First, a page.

Theater was my father's religion, and Shakespeare's works were his Bible. When it came time to teach us a lesson, out would come Hamlet or Othello or King Lear. Using these plays as a moral compass, Dad set me up with some quite precise ideas about how a young man should behave in the world.
My father had studied acting at the Goodman Theatre in Chicago. He was an extraordinarily good-looking young man, tall and athletic. In photographs taken before I was born, he looked like a movie star, except for his nose, but I'm getting ahead of my story. He was a talented actor, too, and proud of it. Other dads might sing in the shower, but my dad would recite from Hamlet: "What is Hecuba to him, or he to Hecuba, that he should weep for her?" This he would say with almost British-accented diction—his stage voice—the words echoing loudly through the thin walls of our apartment on Manhattan's Upper West Side. After certain passages, there'd be a little gasp, a catch in his throat. Yes, he frequently moved himself to tears. And we, my brother, sister, and I, were transfixed. Dad was bigger than life.
He arrived in New York from Chicago in the midst of the Depression, nearly penniless but for a tiny allowance from his mother. Within months, he was an announcer on The Prince Albert Show and soon had parts in daytime serials such as Mert and Marge, Valiant Lady, and The Goldbergs. He was sometimes doing two or three live performances in a day. If you believed him, and you couldn't always, he would sometimes use the trick of hiring an ambulance to cut through the swirl of New York traffic in order to make it to the next reading.
His dream had been to perform on the stage, and he would brim with emotion as he described the greats, such as the Lunts and Olivier, he'd seen on Broadway. Even when he later began writing for The Shadow and other serials, he disparaged radio as lowly and commercial—just something he did to pay the bills. Unfortunately, his dream was not to be, since he had wrecked his good looks at about age 19 when, showing off for a girlfriend, he dove into the shallow waters of Lake Michigan and slammed into rocks hidden just below the surface. His nose was shredded and, plastic surgery being what it was back then, it never healed quite right.
He didn't complain about his looks, or what the accident had cost him, but he never made it to Broadway. And when television began to overtake radio, he knew better than to stick around. By his mid-40s, when I was still little, he was out of the business. But he continued always to define himself by the rules of the theater and to live by the code and ethics of an actor.
I determined at a young age that I, too, would become an actor. My first performance was in a school play. My fifth-grade class had spent the whole semester studying the ancient Greeks. We had read young-adult versions of The Iliad and The Odyssey, and now we were performing an adaptation of Aristophanes' Peace, in which a farmer travels to heaven astride a giant dung beetle to discuss with Zeus the follies of war. I landed the part of the leader of the chorus. In rehearsal one day, I slipped and fell while prancing about the stage and got a big laugh from other cast members. I built up this pratfall, making it bigger and bigger with each succeeding rehearsal.
We performed Peace for the entire school. Parents were invited. I mugged my way through my scenes and, of course, for my big finale, I upended myself spectacularly, landing square on my butt. As expected, this completely broke up the audience. The laughter was thrilling.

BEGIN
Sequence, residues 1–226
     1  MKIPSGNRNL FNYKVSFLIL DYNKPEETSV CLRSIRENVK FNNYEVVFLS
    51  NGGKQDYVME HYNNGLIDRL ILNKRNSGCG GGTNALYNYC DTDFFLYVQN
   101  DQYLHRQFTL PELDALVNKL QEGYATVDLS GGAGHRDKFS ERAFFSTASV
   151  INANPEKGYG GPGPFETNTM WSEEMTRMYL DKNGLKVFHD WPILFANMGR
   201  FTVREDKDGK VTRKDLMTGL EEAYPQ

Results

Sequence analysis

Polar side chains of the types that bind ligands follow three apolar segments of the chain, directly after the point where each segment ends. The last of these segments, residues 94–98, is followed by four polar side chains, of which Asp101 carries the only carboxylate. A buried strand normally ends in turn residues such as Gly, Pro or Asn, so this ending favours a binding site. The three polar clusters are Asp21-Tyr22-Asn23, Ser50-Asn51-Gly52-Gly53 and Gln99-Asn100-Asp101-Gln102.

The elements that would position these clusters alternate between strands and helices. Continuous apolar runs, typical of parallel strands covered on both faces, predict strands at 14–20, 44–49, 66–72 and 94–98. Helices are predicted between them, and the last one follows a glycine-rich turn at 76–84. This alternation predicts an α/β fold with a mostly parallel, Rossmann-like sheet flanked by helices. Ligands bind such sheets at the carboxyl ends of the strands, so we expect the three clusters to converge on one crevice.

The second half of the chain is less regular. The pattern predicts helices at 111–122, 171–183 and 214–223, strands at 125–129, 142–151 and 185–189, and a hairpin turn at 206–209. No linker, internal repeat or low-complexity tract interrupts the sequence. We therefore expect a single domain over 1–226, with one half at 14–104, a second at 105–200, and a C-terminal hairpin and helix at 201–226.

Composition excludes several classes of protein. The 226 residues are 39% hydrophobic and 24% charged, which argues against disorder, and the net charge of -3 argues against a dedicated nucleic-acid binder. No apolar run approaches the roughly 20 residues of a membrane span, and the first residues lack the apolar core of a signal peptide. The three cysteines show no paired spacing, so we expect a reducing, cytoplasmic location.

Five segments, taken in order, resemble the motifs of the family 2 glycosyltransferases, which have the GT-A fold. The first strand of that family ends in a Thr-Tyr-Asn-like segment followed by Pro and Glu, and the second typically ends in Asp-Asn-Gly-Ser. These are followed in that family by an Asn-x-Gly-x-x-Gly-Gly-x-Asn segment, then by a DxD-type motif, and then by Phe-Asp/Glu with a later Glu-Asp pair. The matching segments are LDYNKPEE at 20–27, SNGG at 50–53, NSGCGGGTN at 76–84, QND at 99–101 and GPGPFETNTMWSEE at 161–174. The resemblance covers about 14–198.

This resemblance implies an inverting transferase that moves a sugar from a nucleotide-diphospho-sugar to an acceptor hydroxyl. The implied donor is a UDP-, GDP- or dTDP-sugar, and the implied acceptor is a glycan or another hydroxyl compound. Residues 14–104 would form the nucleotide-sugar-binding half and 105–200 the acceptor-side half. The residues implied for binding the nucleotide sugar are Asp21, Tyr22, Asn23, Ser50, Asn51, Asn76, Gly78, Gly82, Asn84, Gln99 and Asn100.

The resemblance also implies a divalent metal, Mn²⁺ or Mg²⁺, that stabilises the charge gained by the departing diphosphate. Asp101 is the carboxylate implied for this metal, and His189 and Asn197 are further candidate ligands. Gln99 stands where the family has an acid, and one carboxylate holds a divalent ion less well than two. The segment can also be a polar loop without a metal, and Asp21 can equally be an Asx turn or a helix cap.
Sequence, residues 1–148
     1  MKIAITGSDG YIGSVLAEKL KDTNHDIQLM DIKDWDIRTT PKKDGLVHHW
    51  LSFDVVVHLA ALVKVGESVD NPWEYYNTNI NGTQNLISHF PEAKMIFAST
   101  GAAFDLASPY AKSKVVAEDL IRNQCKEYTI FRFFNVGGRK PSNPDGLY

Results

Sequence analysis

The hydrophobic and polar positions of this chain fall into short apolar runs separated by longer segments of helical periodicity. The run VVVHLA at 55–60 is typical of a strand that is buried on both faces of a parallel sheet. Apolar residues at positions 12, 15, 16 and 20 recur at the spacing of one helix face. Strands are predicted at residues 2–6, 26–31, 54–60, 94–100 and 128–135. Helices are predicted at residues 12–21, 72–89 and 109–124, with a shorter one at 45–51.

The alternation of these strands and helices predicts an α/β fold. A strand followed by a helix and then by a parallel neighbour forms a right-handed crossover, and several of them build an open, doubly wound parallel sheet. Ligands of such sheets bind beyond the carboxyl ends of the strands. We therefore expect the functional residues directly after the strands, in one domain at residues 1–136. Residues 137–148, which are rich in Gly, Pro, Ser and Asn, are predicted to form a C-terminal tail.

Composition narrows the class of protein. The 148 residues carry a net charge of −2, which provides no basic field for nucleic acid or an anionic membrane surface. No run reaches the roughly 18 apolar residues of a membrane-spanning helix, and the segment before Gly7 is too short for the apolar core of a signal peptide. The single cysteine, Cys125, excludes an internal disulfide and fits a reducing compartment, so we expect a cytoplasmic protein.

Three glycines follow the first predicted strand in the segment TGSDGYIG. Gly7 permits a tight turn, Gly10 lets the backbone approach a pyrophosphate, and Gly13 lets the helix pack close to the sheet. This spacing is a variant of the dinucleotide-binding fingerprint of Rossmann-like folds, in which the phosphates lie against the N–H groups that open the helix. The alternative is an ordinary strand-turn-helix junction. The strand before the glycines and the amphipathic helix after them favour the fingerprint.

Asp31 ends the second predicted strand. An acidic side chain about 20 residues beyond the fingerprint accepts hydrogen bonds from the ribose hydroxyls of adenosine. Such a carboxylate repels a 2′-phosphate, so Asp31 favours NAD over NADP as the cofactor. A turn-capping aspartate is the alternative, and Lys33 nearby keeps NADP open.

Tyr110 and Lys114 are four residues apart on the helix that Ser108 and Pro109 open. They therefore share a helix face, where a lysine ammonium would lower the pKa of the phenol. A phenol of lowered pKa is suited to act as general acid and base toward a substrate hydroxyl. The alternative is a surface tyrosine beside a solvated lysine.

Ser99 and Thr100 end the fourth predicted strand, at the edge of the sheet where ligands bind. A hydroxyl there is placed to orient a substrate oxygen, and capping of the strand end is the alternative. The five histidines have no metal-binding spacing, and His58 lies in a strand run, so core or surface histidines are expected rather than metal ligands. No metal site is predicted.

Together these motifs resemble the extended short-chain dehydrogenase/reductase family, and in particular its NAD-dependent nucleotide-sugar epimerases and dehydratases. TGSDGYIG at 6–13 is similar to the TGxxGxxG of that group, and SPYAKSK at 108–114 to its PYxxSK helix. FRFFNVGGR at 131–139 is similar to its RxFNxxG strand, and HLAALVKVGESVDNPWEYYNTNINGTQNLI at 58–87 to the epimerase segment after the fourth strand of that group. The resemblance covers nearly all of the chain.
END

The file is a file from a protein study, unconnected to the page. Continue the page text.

Mom came backstage to congratulate me, but Dad for some reason had left. It wasn't until I got home that I had any inkling there was a problem. Still aglow from my smashing success, I rushed into the living room, where I found him seated in his favorite chair—an overstuffed number that was a little like a throne—wearing his reading glasses and holding a large volume in his lap that I recognized immediately: The Complete Works of Shakespeare. He didn't look up when I came in. There were no effusive congratulations, no welcome to the new actor in the family, no hug. A frown creased his forehead.
"Sit down," he said severely, beckoning me to a hard wooden chair he had pulled up beside him. A knot formed in my stomach. I recognized this dark mood.
He told me I had violated just about every code of conduct in the actor's book, from scene stealing to shameless overacting. He opened up the book, turning to Hamlet's advice to the Players, Shakespeare's lesson on the actor's craft. If I was ever to be an actor, all I needed to know was right here, he said. He began reading:
"Speak the speech, I pray you, as I pronounced it to you, trippingly on the tongue: but if you mouth it, as many of our players do, I had as lief the town crier spoke my lines.... O, it offends me to the soul to hear a robustious periwig-pated fellow tear a passion to tatters...I would have such a fellow whipped."
After he finished, he had me read it aloud. I don't remember how I got through this, since I was feeling pretty stung, but somehow I did. Then we read it in unison. We stayed until I could recite it from memory. Finally he released me.
The lesson is not just for the stage. The lesson is for life: don't be such a damn showoff!
I didn't resent my father for panning my performance so dramatically. Everything Dad did was dramatic. When he loved me, his love seemed bigger than anyone else's in the world. When he disapproved, he let me have it. That's just the way he was. But clearly, his reaction to my performance also had something to do with a painful lesson he'd learned diving headfirst into shallow water one day long ago in Lake Michigan. I got over my hurt feelings soon enough. For a time, however, I detested Shakespeare.
— Steven Slon
–This article first appeared in AARP The Magazine